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Ganga-Jamuni culture must not erode, say Kashi locals on Gyanvapi row


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VARANASI: With Gyanvapi Shringar Gauri case in the Supreme Court, leaders from both religions voice different opinions, yet want the “Ganga-Jamuni tehzeeb” of Kashi to stay intact .

Hearing the matter on Thursday, the Supreme Court said it would wait for the Varanasi district judge's decision on the objections of the Gyanvapi Mosque Committee regarding the admissibility of a civil suit filed by Hindu devotees.

The top court had on May 20 transferred the civil suit filed by Hindu devotees regarding the Gyanvapi Mosque from a senior civil judge to the Varanasi district judge.

Though the matter has obvious political underpinning with religious bodies differing on many points, they are united in their call for calm and keeping intact the original bonhomie of the city.

Former Mahant of Kashi Vishwanath Temple Kulpati Tiwari said that some people are deliberately dragging the Gyanvapi issue "from here to Delhi" just to gain popularity.

Tiwari said that when the matter is in court at the district level, then one should wait for the decision of the court here.

"We are waiting for the district court's decision and if the verdict does not come in our favour, we will approach the high court," he told PTI.

Mohd Yasin, secretary, Anjuman Intezamia Committee, concurred saying the people of Kashi too want the verdict of the local court.

Swaran Mukherjee, a resident of Mahmoorganj in Varanasi, insisted that the matter is first settled in the local court, saying that "the matter is between Hindu-Muslim brothers of Banaras and there is no need to make it national issue."

Amit Rai, a resident of Sigra, however, said that Muslims should voluntarily forfeit their claim on the mosque.

“History is witness that Muslim invaders demolished the temple and built a mosque, so Muslims should set an example by handing over Baba Adi Vishweshwar and Gyanvapi to Hindus keeping in mind the Ganga Jamuni tehzeeb," he said.

"Baba Vishwanath himself has appeared in Gyanvapi, hence that particular place is very significant for Hindus," said Mahant Vijay Puri of Baba Batuk Bhairav.

He said, "Kashi has been a believer of Ganga-Jamuni tehzeeb, Muslim brothers have got a chance to rectify the mistake of their ancestors, they should not miss it."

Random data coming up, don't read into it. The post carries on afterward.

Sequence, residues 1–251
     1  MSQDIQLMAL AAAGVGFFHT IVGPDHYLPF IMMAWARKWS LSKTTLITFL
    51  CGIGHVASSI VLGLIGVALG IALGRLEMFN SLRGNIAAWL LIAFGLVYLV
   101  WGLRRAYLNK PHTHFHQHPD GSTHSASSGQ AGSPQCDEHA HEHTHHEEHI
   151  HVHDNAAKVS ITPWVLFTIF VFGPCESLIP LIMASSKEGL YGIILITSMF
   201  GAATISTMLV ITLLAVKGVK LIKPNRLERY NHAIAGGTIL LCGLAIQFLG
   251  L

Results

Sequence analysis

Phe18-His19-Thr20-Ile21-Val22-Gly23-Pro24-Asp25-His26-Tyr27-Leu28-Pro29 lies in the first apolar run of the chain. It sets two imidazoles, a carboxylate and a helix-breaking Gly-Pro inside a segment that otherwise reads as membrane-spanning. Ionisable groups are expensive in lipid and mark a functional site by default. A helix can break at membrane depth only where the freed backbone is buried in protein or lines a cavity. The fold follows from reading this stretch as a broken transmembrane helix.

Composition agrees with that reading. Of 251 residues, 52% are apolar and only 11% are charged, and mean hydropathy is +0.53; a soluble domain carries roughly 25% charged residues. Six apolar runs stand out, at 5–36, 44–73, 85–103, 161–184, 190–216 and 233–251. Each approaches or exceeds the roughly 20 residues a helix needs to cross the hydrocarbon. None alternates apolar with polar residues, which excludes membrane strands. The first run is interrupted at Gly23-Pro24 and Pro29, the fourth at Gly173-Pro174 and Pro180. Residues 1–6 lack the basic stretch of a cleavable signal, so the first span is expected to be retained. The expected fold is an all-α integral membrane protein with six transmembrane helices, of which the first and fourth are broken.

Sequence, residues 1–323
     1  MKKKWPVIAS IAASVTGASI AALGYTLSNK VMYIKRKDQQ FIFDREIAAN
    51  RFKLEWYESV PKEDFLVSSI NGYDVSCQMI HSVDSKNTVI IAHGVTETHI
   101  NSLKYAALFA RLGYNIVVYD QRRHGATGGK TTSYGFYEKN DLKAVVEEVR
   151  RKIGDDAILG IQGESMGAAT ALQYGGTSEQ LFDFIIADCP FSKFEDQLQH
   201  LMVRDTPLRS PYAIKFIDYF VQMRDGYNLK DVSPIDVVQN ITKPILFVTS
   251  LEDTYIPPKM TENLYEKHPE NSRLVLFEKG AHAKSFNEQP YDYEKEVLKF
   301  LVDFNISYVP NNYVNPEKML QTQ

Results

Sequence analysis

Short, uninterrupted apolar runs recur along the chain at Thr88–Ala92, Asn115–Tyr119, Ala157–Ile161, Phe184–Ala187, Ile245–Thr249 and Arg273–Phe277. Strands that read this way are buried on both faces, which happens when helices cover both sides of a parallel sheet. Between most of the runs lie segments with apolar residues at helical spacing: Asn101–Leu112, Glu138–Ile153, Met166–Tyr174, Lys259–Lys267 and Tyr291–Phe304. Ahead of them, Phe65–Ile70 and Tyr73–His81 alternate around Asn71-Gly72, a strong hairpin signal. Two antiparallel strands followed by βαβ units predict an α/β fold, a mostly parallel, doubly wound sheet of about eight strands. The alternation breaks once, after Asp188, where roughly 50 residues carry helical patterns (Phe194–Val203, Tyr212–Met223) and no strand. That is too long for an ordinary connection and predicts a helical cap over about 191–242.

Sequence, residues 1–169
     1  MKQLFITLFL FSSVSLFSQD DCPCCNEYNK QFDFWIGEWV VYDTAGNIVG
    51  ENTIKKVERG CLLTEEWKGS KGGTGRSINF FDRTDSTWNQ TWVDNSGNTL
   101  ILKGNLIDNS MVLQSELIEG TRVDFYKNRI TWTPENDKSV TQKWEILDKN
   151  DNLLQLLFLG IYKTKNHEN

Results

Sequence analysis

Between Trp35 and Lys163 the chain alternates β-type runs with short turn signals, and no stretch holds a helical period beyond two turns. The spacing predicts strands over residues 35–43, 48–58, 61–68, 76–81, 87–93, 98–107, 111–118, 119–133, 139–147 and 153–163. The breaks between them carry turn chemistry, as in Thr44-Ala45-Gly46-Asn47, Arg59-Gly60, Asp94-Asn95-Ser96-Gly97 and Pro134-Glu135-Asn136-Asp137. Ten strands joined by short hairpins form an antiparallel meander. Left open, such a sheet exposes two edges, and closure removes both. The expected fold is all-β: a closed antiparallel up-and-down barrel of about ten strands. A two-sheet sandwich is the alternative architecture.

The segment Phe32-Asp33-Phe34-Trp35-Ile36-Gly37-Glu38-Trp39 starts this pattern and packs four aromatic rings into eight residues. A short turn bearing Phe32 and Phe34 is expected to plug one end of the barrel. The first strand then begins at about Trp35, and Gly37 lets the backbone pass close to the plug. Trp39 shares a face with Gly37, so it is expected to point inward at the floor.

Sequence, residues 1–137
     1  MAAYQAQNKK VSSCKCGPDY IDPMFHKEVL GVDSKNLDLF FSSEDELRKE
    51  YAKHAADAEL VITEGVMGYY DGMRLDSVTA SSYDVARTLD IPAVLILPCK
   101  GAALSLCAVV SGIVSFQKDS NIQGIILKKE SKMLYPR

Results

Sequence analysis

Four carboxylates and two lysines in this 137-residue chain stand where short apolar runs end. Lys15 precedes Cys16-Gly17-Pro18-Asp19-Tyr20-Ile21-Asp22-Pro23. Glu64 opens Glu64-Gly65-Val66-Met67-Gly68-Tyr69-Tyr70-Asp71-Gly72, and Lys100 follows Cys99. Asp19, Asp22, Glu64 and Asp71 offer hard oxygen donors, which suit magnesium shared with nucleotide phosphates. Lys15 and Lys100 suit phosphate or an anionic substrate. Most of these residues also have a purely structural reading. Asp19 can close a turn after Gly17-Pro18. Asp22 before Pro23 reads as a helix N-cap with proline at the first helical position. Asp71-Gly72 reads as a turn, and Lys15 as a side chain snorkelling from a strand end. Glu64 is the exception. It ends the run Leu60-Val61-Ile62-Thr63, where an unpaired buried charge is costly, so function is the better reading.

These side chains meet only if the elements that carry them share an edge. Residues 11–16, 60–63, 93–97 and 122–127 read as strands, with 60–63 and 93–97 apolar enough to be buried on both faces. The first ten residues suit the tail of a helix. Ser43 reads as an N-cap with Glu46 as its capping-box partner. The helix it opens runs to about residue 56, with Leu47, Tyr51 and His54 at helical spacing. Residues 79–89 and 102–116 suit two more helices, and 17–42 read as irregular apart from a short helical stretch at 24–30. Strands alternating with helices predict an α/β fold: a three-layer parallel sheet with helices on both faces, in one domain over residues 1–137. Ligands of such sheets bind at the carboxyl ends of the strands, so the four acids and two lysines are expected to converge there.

Haji Syed Farman Haider, spokesperson of Shia Jama Masjid and secretary of Hazrat Ali Masjid Committee, said the court's decision will be supreme, and rued the wedge that has been driven between the two communities.

"We have offered prayers at the ghats of Banaras with water of Holy Ganga. No one ever stopped us," Haider said.

“But today there is a ruckus in the country for even offering Namaz.

Kashi has always been an example of Ganga-Jamuni tehzeeb.

The atmosphere of the country should not be spoiled over a temple or a mosque," he said, adding that the communities were as inseparable as water.

Shahar-e Mufti Maulana Abdul Batin Nomani said, "Although this trial is not maintainable under the Worship Act, we will accept the court's decision."

One Rakhi Singh and others from the Hindu side have filed a petition in the court of civil Judge (senior division) of Varanasi with a request for protection of deities and permission for regular worship at Shringar Gauri located in Gyanvapi complex.

In May, a video survey of Gyanvapi campus was also done at the court's order.

During the survey, the Hindu side claimed to have found a Shivling in the ‘Wazu Khana' of the Gyanvapi Mosque.

The report of the survey was presented in the court on May 19.

The Muslim side objected to the videography survey saying that the trial court's decision was against the provisions of the Places of Worship Act, 1991 and approached the Supreme Court with the same contention.

The court refused to stay the videography survey, but ordered the matter to be transferred to the district court.

The matter has been in the district court since then.

(THE NEW INDIAN EXPRESS)